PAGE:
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                    Study ID (Primary ID)
                    Diseases
                    Geographic regions
                    Developers (PI, institution)
                    Time frames of runs (present, 1918)
                    Publication describing experiment of study

           Searchable Attributes at the Experiment level
                Study ID
                Experiment ID
                Manuscript describing experiment
                Containment strategies

           Searchable Attributes at the run level
                Study ID
                Experiment ID
                Replicate ID - note the summary run will be assigned a replicate value

           Searchable Attributes at the model level
                Version ID (primary key)
                Diseases
                Geographic regions
                Containment strategies
                Developers (PI, institution)
                Time frames of runs (present, 1918)

           Result-level Annotation Attributes
                Version ID
                Replicate
                Containment code
                Start random seed
                Compute time to produce results
                Social network measures average links per node at iteration 0
                Social network measures average links per node at iteration 50
                R0 value
                Summary description of run

           Model-level Annotation Attributes
                Version ID
                Urban, rural, mixed
                Location and description of regions
                Developer contact information
                Computer resources used to produce results
                Programmers
                Platform details
                Compiler details
                Support libraries
                Support databases
                Location of script running jobs
                Location of manuscript describing results
                Location of model source code
                Location of model executable


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                    Other attributes re input and output files or data types or type of model (in
                     terms of computational or statistical characteristics)

     5.4   Version Control System
   The MIDAS model repository uses Subversion as its version control system. A user of the
   MREP may check out an existing executable version of a model to make additional simulation
   runs. This allows the researcher to go back and replicate a series of runs, or extend a study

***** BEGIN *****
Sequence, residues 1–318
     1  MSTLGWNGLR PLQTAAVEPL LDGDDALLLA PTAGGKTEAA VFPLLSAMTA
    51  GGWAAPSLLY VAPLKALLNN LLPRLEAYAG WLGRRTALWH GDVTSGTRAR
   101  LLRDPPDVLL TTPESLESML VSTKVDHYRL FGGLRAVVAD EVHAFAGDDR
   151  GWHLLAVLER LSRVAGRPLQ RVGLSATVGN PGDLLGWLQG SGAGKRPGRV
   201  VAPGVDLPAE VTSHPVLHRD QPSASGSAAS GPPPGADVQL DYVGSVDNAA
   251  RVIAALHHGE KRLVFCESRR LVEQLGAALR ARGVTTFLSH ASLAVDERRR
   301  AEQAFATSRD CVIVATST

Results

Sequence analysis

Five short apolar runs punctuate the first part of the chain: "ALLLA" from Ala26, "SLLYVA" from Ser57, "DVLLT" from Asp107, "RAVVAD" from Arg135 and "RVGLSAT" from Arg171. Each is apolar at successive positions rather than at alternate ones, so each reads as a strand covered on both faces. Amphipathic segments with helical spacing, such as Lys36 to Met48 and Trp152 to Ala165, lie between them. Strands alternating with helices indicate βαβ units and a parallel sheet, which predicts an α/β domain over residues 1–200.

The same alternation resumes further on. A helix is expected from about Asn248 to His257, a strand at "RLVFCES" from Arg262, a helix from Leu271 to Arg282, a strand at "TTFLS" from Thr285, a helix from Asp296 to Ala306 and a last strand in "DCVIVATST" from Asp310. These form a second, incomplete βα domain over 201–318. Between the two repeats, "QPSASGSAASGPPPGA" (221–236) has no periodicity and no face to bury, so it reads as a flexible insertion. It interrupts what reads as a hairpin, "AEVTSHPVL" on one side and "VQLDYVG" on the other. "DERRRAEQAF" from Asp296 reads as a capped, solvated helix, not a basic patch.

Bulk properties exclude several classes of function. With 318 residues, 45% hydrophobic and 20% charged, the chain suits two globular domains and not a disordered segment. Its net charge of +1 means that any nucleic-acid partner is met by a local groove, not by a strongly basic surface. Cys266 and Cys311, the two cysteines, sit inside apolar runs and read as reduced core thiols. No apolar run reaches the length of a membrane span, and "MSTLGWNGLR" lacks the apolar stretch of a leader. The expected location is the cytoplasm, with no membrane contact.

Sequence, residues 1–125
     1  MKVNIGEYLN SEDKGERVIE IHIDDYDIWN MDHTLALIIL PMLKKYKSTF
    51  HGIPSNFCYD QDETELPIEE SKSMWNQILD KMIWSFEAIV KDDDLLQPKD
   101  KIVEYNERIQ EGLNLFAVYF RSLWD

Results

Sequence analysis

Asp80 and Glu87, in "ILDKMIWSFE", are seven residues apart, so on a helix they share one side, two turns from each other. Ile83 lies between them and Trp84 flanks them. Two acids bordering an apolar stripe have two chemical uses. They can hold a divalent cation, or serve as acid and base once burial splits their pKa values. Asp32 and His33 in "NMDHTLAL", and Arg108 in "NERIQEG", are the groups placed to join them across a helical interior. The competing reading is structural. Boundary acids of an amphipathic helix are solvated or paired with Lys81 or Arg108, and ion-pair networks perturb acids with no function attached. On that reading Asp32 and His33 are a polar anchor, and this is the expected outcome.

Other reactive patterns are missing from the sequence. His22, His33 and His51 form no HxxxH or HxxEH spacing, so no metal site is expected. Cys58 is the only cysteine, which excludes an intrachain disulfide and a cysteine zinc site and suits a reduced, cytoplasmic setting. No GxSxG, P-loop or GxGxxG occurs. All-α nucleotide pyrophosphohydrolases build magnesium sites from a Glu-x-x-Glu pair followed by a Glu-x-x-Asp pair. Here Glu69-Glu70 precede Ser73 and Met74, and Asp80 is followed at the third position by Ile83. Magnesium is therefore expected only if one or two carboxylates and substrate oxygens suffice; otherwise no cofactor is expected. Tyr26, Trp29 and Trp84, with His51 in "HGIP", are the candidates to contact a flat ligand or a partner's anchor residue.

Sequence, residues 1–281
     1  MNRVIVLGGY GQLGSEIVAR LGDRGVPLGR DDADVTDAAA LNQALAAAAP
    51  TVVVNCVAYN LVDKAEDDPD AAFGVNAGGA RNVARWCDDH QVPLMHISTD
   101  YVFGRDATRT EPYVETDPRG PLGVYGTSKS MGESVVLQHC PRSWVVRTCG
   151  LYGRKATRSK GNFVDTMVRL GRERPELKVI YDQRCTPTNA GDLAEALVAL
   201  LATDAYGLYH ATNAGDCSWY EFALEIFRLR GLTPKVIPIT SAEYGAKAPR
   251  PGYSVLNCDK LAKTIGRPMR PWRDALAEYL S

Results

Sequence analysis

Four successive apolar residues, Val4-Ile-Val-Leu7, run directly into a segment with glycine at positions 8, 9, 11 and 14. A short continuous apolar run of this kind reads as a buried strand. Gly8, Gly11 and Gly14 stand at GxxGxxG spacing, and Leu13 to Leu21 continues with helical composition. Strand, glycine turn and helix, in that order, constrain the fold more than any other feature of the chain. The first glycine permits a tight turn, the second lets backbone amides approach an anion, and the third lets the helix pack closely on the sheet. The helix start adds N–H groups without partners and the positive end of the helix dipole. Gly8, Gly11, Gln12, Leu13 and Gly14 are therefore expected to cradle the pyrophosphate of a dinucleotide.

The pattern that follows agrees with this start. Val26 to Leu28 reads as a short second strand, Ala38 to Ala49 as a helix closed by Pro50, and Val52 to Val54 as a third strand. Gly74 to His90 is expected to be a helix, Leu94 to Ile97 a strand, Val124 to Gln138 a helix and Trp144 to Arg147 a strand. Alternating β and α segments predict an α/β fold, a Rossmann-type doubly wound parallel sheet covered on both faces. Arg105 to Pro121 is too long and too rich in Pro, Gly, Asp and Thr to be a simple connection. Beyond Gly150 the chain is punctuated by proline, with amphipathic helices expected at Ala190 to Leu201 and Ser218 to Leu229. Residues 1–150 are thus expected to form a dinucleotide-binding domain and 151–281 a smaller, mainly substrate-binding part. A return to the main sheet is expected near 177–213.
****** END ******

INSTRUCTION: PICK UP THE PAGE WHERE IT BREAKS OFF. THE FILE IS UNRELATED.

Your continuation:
from a version of a code that was used previously. The subversion module also allows a
   researcher to check in new versions of code and studies. All interactions with the version
   control system occur through the Graphical User Interface (GUI) of the model repository. The
   user does not interact directly with the configuration control system.

     5.5   Bug Report and Change Tracking

   The MIDAS model repository uses Bugzilla as its change/enhancement request tool. This tool
   allows users to create bug reports and feature requests, and submit feedback to developers to
   provide status information on active tasks.

     5.6   MIDAS User Interface (UI)
   Users interact with the model repository through the MIDAS User Interface (UI.) Through the
             browse the repository, using key words to search for studies of interest;
                request and receive run-time access to the latest production version of a
                 simulation code (EpiSims, for example), or any other specific version of that
                 code;
                request and receive specific input data sets, such as for the Chicago pneumonic
                 plague case entitled "Subway Contamination Scenario #32B";
                view available output data graphs from a specific named simulation run;
                perform a data pre-processing task, such as create a new initialized health file for
                 a population;
                generate a parameter sweep of input data sets for a new series of simulation
                 runs;
                launch a set of simulation runs that have been previously set up;
                check in a new production version of a simulation code (source and executable);
                check in a new experiment (a collection of runs);
                request a report on the differences between the metadata for specific versions,
                 such as the 12/2/2004 and the 4/8/2005 versions of the production version of a
                 specific code;
                request a specific high-memory compute node upon which to run a large
                 memory-intensive serial job;
                specify a series of jobs to run in sequence (i.e. second one starts after first one
                 finishes successfully). User is notified if any job in the sequence fails, and the
                 location of any log and error messages;
                specify a test case for regression testing prior to checking in a new version of the
                 code;
                request a report of all job activity on the cluster;
                use the Bug Tracking interface to report the new bug or request a new feature.